Originally I took a bunch of photos to make sure the problem was the camera, and looking them in sequence is possible to notice very clearly that the blotches appears randomly. Even taking the picture from almost the same angle.
Thanks for the software recommendation it's somewhat expensive, but I'm downloading the trial and if it really fix that i'll consider buying it.

The spots doesn't appear on glossy white materials, that's why the background is okay. Also, it's a little bit out of focus, what prevents the artifacts also.

Another kind of artifact that appears in similar light conditions but lower ISOs (<400) is blue blotches on dark materials. Sometimes a low yellow and blue "noise" appears on dark surfaces.

For example, I took a long-exposed picture of the sky last night (60s, ISO200) and even if it's good because it captured stars not visible for the naked eye, the sky was all stained with blue and yellow 'low noise'.

This camera has a considerable amount of high noise (pixel sized grain) which is good because it's easily and efficiently filterable automatically by any decent application, however, that kind of artifact is hard to fix.

Thanks guys.
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Old May 7, 2011, 9:31 AM   #7
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Awesome! Topaz DeNoise really removed the blotches!
It's by far the best denoise program i've ever seen. I thought noise ninja was the best but this one simply rocks. It's the first denoise program that really tried to revert the noise and artifacts instead of just smoothing it. It's incredible how the details doesn't get smoother. And the colour correction affects only the problematic area. I painted an very light yellow dot on an paper and it's almost indistinguishable from the artifacts, but Topaz did fixed the artifacts and let the painted dot intact.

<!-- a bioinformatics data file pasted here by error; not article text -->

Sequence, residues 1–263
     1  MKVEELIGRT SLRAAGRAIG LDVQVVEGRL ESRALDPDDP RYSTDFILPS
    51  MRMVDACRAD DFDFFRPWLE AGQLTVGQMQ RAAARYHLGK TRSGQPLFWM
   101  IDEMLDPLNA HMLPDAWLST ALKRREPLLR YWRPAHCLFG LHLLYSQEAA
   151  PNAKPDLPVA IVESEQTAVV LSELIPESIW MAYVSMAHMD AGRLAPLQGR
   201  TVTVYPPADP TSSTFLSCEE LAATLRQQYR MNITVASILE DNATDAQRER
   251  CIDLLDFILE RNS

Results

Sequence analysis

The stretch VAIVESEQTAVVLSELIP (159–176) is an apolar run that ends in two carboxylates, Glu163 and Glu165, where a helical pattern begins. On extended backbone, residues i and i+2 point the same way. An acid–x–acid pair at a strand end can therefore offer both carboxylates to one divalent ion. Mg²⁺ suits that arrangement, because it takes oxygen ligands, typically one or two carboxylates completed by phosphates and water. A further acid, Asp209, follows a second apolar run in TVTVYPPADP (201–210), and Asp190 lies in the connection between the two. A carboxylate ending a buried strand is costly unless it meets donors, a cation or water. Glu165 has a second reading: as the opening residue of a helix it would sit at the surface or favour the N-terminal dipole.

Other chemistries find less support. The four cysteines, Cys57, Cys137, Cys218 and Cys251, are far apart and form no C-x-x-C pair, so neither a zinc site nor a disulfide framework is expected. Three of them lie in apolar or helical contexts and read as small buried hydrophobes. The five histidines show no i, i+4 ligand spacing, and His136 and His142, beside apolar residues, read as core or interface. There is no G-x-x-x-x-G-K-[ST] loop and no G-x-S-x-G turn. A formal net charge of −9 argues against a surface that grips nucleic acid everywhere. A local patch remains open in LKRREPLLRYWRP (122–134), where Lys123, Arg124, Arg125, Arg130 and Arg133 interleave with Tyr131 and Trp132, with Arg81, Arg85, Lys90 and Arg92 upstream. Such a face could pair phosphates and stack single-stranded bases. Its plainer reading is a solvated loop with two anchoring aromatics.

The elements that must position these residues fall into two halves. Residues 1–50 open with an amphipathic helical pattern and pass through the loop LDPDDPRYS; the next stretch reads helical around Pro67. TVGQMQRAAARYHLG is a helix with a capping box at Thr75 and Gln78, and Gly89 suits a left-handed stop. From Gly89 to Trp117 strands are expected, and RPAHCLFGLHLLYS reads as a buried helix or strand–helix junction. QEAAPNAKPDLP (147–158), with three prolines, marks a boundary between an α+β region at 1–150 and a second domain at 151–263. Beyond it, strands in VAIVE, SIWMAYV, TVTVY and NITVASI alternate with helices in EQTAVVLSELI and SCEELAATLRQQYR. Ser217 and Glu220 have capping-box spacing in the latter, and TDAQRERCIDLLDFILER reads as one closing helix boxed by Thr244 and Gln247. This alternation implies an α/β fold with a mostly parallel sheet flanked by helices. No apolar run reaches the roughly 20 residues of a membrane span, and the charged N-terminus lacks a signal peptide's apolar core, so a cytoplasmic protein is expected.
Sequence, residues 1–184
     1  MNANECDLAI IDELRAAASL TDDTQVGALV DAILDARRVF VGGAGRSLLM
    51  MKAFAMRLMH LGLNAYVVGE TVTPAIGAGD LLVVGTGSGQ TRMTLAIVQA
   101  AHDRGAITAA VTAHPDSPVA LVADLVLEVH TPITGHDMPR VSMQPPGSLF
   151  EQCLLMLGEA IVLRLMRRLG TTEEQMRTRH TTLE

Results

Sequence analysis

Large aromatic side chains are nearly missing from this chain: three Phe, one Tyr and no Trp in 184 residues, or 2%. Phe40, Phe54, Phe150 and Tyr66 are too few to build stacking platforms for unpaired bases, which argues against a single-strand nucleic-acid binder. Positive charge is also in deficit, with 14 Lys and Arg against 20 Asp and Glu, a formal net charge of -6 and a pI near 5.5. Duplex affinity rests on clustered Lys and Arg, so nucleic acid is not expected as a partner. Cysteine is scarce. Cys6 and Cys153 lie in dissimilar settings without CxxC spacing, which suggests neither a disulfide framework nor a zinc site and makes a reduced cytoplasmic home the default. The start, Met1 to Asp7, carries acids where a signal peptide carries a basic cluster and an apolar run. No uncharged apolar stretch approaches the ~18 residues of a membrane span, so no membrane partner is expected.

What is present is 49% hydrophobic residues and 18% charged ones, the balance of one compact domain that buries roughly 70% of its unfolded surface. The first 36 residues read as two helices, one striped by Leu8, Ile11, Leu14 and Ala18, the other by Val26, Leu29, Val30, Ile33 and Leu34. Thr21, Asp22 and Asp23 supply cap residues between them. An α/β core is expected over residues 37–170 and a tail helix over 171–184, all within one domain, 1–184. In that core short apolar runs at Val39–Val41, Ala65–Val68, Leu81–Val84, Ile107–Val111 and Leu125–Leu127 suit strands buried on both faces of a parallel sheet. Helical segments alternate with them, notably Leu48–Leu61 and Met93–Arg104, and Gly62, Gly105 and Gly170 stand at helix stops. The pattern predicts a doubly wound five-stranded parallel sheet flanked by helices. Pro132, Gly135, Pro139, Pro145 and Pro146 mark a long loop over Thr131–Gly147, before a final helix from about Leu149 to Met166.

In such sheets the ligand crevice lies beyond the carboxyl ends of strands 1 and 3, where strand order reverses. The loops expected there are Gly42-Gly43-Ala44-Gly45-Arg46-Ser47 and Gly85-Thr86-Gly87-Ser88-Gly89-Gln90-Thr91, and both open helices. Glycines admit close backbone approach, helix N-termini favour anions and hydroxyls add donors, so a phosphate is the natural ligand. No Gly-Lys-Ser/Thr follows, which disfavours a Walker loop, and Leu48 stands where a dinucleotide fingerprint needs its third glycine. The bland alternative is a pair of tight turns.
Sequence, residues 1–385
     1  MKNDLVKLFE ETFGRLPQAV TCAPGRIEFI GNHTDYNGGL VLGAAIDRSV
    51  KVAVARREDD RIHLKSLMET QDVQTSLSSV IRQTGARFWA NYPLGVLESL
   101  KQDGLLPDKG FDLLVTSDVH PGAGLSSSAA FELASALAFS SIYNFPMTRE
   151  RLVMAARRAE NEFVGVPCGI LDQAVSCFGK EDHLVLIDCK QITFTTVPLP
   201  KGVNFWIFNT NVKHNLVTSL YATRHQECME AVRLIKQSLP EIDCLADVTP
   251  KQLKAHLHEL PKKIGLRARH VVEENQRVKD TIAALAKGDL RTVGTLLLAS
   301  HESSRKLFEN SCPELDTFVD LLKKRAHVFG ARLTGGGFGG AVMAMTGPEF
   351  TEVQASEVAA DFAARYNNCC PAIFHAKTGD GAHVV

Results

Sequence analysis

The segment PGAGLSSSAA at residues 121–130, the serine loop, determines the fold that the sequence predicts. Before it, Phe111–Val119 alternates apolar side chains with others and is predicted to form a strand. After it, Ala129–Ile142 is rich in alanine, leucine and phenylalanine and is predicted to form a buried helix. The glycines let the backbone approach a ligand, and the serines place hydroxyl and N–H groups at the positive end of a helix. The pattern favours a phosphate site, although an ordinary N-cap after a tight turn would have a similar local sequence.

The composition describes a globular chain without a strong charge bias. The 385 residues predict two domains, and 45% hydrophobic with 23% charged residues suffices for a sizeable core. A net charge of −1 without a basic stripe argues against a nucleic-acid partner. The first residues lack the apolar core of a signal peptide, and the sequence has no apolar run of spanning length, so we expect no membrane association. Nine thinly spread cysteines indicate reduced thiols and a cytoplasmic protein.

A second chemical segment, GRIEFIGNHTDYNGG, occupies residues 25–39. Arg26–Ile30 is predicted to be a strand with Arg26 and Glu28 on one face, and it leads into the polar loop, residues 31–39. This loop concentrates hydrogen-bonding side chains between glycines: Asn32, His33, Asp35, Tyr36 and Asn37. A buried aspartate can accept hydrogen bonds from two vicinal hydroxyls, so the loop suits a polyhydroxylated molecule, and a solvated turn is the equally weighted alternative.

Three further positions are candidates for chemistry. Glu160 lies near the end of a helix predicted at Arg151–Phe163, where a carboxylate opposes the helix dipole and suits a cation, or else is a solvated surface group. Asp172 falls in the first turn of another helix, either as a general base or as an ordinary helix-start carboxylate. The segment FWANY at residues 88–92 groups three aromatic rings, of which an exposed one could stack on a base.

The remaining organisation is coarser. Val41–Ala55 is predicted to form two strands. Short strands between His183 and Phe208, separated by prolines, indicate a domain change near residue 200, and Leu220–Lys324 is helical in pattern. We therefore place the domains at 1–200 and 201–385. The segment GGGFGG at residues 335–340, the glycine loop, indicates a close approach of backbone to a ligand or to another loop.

It doesn't work very well for the sky because it also remove the colours of the stars, but only the denoising itself improves it by far, and using a small colour correction it's possible to achieve incredibly better results without affecting the stars too much.
In short, it's incredible. I'm definately buying it as soon the license expires.

Thank you very much Mr. Martin Sykes for recommending me such amazing piece of software!
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Old May 8, 2011, 9:23 PM   #8
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I've had a go with Photoshop Elements version 2. I enlarged the picture very considerably, then chose what looked like some especially yellow pixels, and used the 'replace color' command. A few seconds were spent changing the hue & adjusting the fuzziness control & lightening and darkening the spot till it pretty well blended in with the surroundings.

Nothing to do with those steps - but I'm curious - why, Martin S., do you describe it as a picture of a cow? I grew up on a farm and I can't for the life of me see a cow in the picture.

Anyway, here's my version -
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Old May 9, 2011, 12:03 AM   #9
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The black and white pattern says "Holstein" to me. My guess is it is a handcrafted something or other.

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Old May 9, 2011, 2:34 AM   #10
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Quote:
Originally Posted by Herb View Post
Nothing to do with those steps - but I'm curious - why, Martin S., do you describe it as a picture of a cow? I grew up on a farm and I can't for the life of me see a cow in the picture.
If you Google 'Fresian cow' (or Holstein-Fresian seems to be the US equivalent) which is the most common variety here in the UK you'll see what I mean. It looks like the body of a Fresian with the head cropped off the right and the feet cropped off the bottom. Maybe Electrolyte could post a full version to see if I'm right or not...